FIFA slams unacceptable TV deal offers for Women’s World Cup
Oct 21, 2022, 5:24 PM | Updated: Oct 22, 2022, 5:27 am
(Alan Lee/Photosport via AP)
AUCKLAND, New Zealand (AP) — Broadcasters were criticized by FIFA president Gianni Infantino on Saturday for what he called unacceptably low offers for rights to screen the Women’s World Cup next year.
Offers of just 1% of the value of men’s World Cup rights deals have been rejected, Infantino said, for the tournament that starts in July in Australia and New Zealand.
The men’s World Cup has driven FIFA’s expected overall income toward $7 billion for the four-year commercial cycle that ends in December after that tournament in Qatar.
“100 times less, even more than 100 times in some occasions, then this is not acceptable,” the FIFA leader said at a news conference ahead of the finals tournament draw. “I don’t want to mention them, but those who are there, they know it.”
The time zones in Australia and New Zealand mean many games, especially in the group stage, will be played in the nighttime hours in lucrative markets in Europe and the Americas.
“We are not going to accept this,” Infantino said of the broadcast offers, “because we know that the viewing figures for these broadcasters in some big footballing countries for the men’s World Cup or for the Women’s World Cup are actually very similar … meaning their commercial income is very similar for men and for women.”
Infantino took a further jibe at broadcasters who he said pushed FIFA to treat women’s soccer more equally on issues such as World Cup prize money.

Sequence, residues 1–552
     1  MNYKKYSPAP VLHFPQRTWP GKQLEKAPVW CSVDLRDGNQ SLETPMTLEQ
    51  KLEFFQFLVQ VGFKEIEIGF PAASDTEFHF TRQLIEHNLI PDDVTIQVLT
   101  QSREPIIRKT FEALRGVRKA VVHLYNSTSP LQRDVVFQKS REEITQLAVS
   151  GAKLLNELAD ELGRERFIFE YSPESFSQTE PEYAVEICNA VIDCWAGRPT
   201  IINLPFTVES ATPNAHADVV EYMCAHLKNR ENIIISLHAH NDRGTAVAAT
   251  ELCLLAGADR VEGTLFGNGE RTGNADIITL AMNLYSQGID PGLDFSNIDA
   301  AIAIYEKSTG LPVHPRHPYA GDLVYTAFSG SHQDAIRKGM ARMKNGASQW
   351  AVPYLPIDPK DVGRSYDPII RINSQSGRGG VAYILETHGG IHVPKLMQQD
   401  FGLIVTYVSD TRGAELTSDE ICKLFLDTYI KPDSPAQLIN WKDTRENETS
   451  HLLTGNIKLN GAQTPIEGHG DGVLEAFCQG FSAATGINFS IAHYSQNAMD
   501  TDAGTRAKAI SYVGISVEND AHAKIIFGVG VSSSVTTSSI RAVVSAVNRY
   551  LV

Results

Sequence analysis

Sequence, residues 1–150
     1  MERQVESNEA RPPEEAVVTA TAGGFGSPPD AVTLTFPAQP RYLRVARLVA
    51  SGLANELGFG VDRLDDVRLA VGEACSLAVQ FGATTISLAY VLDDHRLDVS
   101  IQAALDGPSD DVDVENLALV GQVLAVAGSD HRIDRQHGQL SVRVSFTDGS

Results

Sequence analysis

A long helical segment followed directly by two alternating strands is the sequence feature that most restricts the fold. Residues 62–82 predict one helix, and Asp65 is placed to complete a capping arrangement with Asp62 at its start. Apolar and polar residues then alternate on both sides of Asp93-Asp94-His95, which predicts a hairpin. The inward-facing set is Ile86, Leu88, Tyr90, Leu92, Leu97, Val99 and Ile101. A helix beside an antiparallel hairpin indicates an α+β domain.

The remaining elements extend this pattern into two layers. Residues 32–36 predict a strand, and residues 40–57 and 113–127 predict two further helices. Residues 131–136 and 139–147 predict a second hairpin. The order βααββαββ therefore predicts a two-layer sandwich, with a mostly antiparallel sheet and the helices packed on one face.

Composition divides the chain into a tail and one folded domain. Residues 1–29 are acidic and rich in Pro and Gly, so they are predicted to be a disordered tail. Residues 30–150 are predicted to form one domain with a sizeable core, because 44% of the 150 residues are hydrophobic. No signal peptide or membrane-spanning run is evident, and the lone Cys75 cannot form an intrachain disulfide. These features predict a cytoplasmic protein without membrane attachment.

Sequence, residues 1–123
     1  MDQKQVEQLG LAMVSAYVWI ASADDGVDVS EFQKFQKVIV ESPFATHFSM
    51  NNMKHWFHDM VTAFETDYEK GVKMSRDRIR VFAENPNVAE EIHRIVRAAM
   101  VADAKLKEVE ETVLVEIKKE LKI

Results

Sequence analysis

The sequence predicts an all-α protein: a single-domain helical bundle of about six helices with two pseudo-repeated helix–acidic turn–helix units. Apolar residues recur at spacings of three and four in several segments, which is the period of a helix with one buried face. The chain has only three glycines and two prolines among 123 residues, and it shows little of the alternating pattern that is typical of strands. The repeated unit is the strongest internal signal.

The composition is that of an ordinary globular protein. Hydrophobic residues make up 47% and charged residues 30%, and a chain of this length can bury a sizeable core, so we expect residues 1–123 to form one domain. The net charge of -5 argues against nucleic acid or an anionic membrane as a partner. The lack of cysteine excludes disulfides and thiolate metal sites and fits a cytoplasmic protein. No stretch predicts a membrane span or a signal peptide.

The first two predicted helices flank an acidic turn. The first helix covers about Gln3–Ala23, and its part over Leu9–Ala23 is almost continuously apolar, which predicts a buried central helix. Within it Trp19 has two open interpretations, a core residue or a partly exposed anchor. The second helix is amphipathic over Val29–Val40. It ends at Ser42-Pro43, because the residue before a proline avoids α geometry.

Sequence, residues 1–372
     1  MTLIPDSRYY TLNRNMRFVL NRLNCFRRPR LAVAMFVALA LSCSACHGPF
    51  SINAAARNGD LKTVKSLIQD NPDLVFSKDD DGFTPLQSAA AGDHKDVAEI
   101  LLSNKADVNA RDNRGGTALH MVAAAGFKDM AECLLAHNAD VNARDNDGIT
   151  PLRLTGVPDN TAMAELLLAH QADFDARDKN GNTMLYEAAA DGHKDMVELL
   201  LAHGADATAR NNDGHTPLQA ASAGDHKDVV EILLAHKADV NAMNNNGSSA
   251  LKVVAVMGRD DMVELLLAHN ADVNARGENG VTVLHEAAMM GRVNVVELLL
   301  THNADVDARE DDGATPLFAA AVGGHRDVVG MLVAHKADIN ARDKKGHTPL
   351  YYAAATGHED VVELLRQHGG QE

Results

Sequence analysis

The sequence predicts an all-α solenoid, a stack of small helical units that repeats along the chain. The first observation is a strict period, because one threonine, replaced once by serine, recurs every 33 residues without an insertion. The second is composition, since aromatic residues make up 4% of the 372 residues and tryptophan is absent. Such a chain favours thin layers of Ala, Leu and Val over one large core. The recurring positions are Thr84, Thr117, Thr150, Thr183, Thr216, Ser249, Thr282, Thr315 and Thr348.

The 32 teams at the men’s World Cup in Qatar will share $440 million in prize money, while a prize fund of $60 million was proposed for the first 32-team women’s edition in 2023.
“In some countries, they are quite good at telling us … that we should give more emphasis on equal opportunities, on equality, on non-discrimination, on treating men and women in the same way which is, of course, what we have to do, and we try to do that to the best of our ability,” Infantino said.
“It’s important that everyone puts actions, as well, behind words and we all start to treat women’s football the same way.”
FIFA has changed the commercial model for the Women’s World Cup to earn its own income instead of simply being packaged as an add-on for broadcasters and sponsors doing deals for the men’s tournament.
Infantino suggested a further push for equality for women’s soccer, noting that Olympic tournaments have 16 men’s teams and only 12 for women.
“Women should have 16 teams as well at the Olympic Games,” he said. “These are some discussions we are going to have.”
Adding four women’s teams would need more than 70 athlete quota places when the International Olympic Committee is asking some governing bodies to make cuts to help find space for new sports and control organizers’ costs.
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